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Developing Remotely - the future of Magento Development

It would be hard to argue that the Covid has certainly accelerated the topic of remote development. Not just with Magento, but as with all web applications, the complexity and evolution of the ‘stack’ gets increasingly more complex.

 If you do not adopt IaC practices then as a developer you are simply delivering a more costly service. If you are a developer working for one Magento merchant on 1 project, then some of the benefits of using RDE’s lessen, however even then, when you involve collaboration and increased geographical disparity in your team, then locally developed work packages simply don’t offer value. 

Case 1 - small work package

If you have a 4 hour piece of work to deliver a small functional improvement to a Magento store, then in many cases in order to facilitate your local development, you will have a number of hours work in setting up your local environment before you can start work. Others (whom are steadfast in using local development) might argue that there are scripts and automations to speed up this process, however, these are not standardised. 

Case 2 - large merchant with QA team

Often not considered (from the development viewpoint) are the drawbacks involved from the end of the programmers job, to get the code to production. Usually, in order to gain acceptance and pass quality assurance, you might have staff at other locations. If you need to move on to another piece of work and your QA department cannot quickly and easily provide acceptance, then again you need to facilitate different hardware to push your work before your time is available for the next programming task. Again this carries a cost implication and if you do not have multiple staging servers then again the typical developer bottlenecks soon start to impede development.

Case 3 - team members in other locations and time-zone

This case almost definitely requires multiple, separate staging instances in order to streamline your team’s development processes. Adobe Commerce Cloud can facilitate this however this carries a cost. 

Case 2 - collaborative work package

Often not considered (from the development viewpoint) are the drawbacks involved from the end of the programmers job, to get the code to production. Usually, in order to gain acceptance, QA, possibly even collaborate with one or more developers, stake-holders, etc, they cannot access your local development instance, therefore you are faced with a final committal to another server and process to get your work to a staging server. At this point, this work might be reviewed/considered the loopback for change/iteration or simply the evolution of an idea, carries a cost. The developer might be on another project and therefore to re-instate this piece of work will

 

Adobe - Sorry, you are Wrong!

There is an impending kick-back from the original Magento Community around many topics not least the loss of online content around the ‘Magento’ platform. Therefore if you search for Optimal Development Environment for Magento then you are likely to find yourself here https://devdocs.magento.com/guides/v2.4/extension-dev-guide/build/optimal-dev-environment.html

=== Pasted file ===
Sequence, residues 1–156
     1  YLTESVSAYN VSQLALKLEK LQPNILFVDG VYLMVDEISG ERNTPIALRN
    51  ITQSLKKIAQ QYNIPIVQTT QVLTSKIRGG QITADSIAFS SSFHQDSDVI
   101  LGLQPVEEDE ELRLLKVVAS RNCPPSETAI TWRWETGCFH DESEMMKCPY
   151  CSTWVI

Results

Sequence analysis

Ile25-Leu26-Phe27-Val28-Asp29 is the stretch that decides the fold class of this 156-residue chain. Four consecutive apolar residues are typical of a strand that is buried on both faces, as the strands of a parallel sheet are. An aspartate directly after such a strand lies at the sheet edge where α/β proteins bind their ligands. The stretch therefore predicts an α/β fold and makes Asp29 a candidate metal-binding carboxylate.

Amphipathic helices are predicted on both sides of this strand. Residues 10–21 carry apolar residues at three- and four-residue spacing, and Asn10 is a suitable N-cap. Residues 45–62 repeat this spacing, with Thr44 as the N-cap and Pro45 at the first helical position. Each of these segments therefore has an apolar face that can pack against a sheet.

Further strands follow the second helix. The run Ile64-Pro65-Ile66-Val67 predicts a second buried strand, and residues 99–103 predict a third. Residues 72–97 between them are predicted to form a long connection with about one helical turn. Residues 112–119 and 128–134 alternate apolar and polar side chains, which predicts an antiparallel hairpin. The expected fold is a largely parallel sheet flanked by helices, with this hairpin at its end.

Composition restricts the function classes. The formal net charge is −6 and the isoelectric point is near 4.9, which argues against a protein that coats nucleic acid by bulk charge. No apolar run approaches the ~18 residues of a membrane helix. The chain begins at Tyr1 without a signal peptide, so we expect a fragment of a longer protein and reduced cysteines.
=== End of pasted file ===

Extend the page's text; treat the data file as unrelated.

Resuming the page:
It's hardly surprising since the authority of the site remains high however 'Optimal' is certainly not a suitable word I would have used. This article provides opinions warped towards much larger merchants and obviously Commerce (license payers) but in our opinion it is outdated and should at very least be providing acknowledgement to the massive benefits of IaC, CaC and RDE's for merchants of all sizes. 

Comparing different Magento Development strategies from a business perspective

It's fair to say that since Magento 2, there is a distinct lack of business-led content on Magento. This needs to change, otherwise smaller merchants get the wrong message, that Magento is really only for large businesses and this, once vibrant Open Source eco-system is being sat on by the mighty Adobe. This is simply not the case and this is just one small use-case demonstrating how wrong adobe

Option 1, Adobe’s Recommendation

Local dev machine > QA/integration server > Preview server (optional) > Production server

OK so the above has potentially 3 environments away from production. Don’t forget, if ANY issues are found in any environment (beyond the Local Dev) then the process loops back and reinitiates further instances. So as an example, if 1 piece of work has 2 feedback iterations and 3 bugs, then this is what happens. 

Local Dev > QA > Preview server (client provides feedback/change request) > Local Dev > QA > Preview Server (client provides second round feedback) > Local Dev > QA (issues found with final deliverable) > Local Dev > QA > Preview Server > Finally ready for production

So following the Adobe recommendation, it’s possible you might need 11 instances of Magento in order to get this piece of work to production.

Option 2, Remote Development using Jetbrains Space, MDOQ or Gitpod

Remote Development Instance > Production server

Since the same single instance can be used/accessed persisted for an infinite, collaborative feedback loop, easily facilitating large teams, multiple locations, and time-zones, this decoupling of developer and environment means costs and timescales are slashed. Adopting IaC and CaC along with deployment pipelines this can once again renew faith in the platform that Magento Open Source is once again the world-leading platform for businesses of all sizes.

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